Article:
Research + Prototyping + Design
Spring 2019

‘My Campus’: An App Idea for Aimless Undergrads


College can be tricky. On top of trying not to fail classes or get bullied by the cool kids, students have to navigate the cluttered assortment of extracurricular offerings. This can be nearly impossible, especially at a college like Harvard that has around 500 student groups. In this design exercise, I tried to streamline this process and make life easier for students, through research, thoughtful design, and personal experience.

Pictured Above: A final mockup for the app, “My Campus”.

Ideation and Sketches


Before any serious research, I wanted to jot down my initial thoughts. Firstly, groups are too difficult to browse and there needs to be an easier way to do so. Secondly, groups are inherently social; even the best group is nothing without its members. From these initial thoughts, I jotted down some notes.

Pictured Above: Initial sketches.

Existing Tools


I also wanted to look at existing directories for student groups at Harvard. Currently, Harvard has a campus group directory which allows for some limited functions, such as sorting by group category or searching by name. However, as you can guess from this screenshot, nobody uses this. Indeed, in a later survey I conducted, 0% of respondents stated that they use an official school directory to find groups. Literally 0%. And I am almost positive that even in a much larger sample size, the percentage would still be literally 0%. 

Pictured Above: Harvard’s current system.



Active engagement in campus groups benefits students and universities. Students develop a richer experience, and universities develop a reputation for fostering such an experience. But the process of seeking and joining a group can be overwhelming.

I’ve personally experienced this at Harvard, so I drew from my own experiences and from the experiences of students here and on other campuses. The goal was to simplify this process with research and good design.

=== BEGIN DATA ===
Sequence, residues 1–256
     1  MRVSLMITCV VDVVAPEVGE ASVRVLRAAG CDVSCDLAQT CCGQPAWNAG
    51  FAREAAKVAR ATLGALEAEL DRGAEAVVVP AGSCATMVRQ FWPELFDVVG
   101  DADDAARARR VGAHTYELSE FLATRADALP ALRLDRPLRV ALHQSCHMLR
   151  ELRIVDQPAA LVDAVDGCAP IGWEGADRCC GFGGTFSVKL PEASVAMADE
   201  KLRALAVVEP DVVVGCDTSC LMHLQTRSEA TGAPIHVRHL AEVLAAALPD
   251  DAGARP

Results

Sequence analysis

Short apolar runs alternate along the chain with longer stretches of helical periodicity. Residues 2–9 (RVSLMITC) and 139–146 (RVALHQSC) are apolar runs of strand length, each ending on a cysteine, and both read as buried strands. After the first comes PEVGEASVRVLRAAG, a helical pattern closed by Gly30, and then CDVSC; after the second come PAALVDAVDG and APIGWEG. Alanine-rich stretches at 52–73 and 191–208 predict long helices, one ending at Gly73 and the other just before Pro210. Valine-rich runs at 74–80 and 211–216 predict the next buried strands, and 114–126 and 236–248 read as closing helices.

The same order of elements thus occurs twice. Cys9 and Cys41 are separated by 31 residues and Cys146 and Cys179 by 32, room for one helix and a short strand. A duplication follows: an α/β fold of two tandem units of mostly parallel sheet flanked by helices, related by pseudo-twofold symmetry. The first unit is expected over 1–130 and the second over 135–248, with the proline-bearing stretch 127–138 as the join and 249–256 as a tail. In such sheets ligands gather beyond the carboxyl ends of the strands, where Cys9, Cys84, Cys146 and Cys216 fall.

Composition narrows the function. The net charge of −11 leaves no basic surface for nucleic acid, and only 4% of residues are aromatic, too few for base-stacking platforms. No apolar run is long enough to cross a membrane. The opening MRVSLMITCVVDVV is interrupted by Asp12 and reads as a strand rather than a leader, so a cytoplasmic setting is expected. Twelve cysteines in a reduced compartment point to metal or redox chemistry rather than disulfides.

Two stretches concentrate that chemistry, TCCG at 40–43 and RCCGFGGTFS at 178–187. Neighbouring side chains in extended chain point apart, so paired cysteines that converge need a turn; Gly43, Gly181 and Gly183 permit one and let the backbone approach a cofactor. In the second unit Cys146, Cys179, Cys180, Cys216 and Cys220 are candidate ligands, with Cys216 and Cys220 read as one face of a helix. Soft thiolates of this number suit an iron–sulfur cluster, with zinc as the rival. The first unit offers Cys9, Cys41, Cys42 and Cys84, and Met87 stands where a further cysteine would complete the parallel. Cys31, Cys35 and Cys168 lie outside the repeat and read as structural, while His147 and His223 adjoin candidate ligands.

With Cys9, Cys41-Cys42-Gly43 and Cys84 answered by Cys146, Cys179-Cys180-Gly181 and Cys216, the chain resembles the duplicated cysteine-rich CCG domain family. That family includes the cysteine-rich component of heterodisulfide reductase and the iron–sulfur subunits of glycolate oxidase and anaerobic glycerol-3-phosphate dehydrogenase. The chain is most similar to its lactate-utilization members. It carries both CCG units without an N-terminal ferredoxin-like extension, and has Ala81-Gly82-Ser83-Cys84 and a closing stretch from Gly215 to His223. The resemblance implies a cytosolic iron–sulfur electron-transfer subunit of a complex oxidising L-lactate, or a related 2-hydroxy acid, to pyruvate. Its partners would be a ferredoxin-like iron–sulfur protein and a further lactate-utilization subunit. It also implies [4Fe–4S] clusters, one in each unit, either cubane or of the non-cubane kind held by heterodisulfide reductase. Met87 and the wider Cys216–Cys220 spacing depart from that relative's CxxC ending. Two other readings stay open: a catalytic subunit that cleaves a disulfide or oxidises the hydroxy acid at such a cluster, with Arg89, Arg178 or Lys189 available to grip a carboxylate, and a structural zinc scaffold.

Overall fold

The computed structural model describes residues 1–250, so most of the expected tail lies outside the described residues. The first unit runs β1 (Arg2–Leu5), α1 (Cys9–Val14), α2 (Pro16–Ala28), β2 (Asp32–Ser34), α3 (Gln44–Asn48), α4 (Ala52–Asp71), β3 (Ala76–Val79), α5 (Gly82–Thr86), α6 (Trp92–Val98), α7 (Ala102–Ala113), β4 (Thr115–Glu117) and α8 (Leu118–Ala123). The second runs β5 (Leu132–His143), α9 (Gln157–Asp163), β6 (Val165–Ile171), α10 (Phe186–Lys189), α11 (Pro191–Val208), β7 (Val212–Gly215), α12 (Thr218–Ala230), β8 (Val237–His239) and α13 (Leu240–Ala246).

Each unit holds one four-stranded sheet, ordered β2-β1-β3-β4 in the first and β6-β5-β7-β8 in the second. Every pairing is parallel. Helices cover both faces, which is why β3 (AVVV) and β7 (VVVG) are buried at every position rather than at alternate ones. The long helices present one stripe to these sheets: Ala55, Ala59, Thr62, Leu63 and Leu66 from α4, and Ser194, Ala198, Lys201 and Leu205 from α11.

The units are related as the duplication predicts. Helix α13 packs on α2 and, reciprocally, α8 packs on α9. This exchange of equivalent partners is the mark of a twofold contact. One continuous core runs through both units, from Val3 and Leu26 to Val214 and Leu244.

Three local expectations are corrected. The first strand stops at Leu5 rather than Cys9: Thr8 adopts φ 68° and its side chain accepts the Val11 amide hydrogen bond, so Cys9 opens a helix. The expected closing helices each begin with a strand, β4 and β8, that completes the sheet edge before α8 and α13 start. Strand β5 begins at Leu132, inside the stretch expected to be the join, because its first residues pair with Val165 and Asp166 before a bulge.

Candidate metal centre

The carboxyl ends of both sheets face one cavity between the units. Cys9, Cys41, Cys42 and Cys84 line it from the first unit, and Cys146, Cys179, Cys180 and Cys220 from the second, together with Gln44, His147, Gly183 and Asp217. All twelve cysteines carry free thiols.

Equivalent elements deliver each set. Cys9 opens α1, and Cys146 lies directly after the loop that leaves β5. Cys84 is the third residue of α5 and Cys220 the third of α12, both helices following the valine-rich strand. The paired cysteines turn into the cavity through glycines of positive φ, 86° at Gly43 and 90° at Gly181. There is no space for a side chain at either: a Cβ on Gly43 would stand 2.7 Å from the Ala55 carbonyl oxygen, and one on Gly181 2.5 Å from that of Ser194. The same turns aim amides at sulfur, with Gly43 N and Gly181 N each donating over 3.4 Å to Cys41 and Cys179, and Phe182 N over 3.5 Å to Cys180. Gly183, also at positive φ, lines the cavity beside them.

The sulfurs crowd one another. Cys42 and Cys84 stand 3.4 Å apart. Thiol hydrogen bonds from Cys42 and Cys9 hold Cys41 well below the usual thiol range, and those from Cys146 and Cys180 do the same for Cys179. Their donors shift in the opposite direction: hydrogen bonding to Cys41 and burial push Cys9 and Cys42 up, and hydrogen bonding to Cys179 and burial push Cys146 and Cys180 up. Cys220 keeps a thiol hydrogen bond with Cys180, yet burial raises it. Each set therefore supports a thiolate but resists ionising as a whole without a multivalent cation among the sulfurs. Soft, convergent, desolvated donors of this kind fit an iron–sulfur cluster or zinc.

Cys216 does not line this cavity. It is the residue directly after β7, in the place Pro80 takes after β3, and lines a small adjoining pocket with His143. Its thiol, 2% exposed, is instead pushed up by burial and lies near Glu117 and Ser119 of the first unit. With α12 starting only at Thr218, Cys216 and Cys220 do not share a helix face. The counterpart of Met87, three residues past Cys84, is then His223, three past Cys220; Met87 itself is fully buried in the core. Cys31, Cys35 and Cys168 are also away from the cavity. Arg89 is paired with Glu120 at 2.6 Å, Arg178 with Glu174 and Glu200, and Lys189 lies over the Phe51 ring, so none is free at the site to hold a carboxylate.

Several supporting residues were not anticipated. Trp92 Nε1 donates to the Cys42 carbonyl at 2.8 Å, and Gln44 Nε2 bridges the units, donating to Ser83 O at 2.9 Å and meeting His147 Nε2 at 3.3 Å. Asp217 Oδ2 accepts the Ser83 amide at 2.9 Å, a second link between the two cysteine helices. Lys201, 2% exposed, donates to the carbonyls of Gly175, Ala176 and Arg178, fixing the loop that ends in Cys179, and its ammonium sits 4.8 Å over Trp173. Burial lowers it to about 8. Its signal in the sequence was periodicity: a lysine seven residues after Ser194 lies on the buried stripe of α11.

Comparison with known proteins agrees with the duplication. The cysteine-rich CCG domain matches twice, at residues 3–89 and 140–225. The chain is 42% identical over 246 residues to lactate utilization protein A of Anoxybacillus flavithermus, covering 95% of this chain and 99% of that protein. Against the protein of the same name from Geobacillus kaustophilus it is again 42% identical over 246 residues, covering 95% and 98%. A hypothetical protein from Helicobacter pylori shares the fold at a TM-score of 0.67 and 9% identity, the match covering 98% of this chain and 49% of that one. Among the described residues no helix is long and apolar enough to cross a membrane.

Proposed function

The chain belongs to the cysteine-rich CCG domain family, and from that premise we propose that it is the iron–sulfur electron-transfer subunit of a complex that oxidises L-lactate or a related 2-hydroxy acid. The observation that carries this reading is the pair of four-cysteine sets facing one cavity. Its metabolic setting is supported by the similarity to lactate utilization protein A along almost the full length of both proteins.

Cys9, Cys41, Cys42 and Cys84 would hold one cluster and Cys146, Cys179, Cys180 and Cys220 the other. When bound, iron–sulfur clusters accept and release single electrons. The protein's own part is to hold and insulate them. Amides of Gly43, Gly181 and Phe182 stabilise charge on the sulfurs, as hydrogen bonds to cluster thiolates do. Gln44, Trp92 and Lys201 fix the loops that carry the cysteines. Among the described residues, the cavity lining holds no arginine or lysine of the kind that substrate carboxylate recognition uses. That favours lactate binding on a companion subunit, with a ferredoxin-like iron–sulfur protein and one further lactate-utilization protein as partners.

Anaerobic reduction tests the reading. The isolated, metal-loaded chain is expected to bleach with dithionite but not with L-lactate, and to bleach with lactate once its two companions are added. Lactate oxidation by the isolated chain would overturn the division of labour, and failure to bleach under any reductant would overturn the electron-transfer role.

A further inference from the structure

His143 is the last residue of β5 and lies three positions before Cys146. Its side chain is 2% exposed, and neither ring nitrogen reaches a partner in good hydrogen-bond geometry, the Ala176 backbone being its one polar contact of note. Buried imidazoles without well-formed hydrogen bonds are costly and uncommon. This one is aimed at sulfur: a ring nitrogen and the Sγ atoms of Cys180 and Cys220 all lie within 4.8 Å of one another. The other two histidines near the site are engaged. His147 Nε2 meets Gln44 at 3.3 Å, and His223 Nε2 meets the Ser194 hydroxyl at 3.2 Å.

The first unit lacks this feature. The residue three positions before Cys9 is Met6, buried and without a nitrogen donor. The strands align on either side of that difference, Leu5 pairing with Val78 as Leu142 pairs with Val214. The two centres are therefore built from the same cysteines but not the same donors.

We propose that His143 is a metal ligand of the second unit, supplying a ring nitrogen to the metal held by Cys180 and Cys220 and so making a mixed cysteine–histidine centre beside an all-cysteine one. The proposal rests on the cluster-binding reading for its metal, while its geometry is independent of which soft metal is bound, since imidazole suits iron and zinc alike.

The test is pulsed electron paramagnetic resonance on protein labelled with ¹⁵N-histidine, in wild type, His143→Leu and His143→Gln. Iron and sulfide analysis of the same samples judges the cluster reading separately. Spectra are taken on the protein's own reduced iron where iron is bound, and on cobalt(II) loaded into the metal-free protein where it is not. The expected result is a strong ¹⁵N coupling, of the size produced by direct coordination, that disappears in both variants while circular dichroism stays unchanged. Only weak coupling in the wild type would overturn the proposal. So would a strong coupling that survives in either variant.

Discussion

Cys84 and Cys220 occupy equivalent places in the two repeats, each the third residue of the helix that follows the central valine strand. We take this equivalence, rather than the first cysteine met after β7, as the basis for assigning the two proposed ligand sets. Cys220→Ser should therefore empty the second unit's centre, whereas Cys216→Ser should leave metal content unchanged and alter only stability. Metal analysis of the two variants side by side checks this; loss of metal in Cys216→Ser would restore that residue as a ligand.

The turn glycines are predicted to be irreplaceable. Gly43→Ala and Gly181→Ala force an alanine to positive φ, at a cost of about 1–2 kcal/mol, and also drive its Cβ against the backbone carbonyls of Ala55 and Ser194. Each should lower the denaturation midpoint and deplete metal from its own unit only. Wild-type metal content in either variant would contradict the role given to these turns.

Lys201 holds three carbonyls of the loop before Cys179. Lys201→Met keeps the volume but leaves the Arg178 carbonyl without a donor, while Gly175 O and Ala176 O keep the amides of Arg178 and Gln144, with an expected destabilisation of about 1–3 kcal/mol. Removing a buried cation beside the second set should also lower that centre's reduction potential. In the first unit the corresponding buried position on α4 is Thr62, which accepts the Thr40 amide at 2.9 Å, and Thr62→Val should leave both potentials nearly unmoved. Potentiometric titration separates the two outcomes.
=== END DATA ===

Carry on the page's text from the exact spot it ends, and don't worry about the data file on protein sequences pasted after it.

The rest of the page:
Through a short survey sent out to Harvard students and to other universities (via my friends at those universities), I collected information on how important students view campus groups, which factors they consider when joining campus groups, and what they believe the problems and possible solutions might be.

Survey results can be seen here.

Pictured Above: Screenshots from my survey results. Full results can be seen here.

The survey revealed that the three most significant factors students weigh when considering campus groups are how many members they personally know, what type of primary function the group serves, and how much time commitment is expected of the members.

These percentages were: knowing members (71%), type of group (71%), and time commitment (61%).

Current Problems


1) Large Number of Groups:

Many schools have an overwhelming number of student groups, giving students a feeling of information overload. Harvard has around 500 groups, and the number grows each semester. One way we try to solve that here is through our student activities fair, but even that faces the same problem, since there are far too many groups to walk through.

2) Limited Exposure and Publicity:

Groups rely on publicizing themselves through flyers or word of mouth or (recently) social media. This puts lots of work on the members, while making it hard for prospective members to discover these groups. Flyers, for instance, are lots of work and can be a hit or miss. Even social media broadcasts can go ignored and appear tacky.

3) Limited Information About Groups:

Students want to make sure that they join a group that’s the right fit. But most groups only have limited information readily available. Often, you’ll only find the name, a short description, and an email. This means that students rely on word-of-mouth. When I was joining groups, I often relied on rumors and reputations which later proved false.

Pictured Above: Some written responses to my survey. Full results can be seen here.

My Solution


1) Easy Browsing and Recommendations:

I mocked up ‘My Campus’, an app that allows students to browse groups based on relevant factors and receive personalized recommendations. Students can look through arts groups, for instance, or browse through their recommendations, or see which groups are popular, or see which groups have their application process open. And if users connect their phone number or social media, they can get recommendations based on which groups their contacts are members of.

2) Relevant Social Interactions:

My Campus has certain social capabilities built-in. Students can directly contact groups to ask questions. Students can also request to join groups right on the app. And students can view the group roster. This implements relevant social information without turning it into a full-blown social media platform (in which case it’d be easier to just utilize an existing platform).

3) Easily Propose Groups:

My Campus allows students to propose groups for listing on the platform. Students can fill out a group profile and submit for approval. The administrative process varies among different schools, so that will be left to them to handle. Once groups have been approved by the school administration, they will accept the proposal within the app and the new groups will be listed on ‘My Campus’.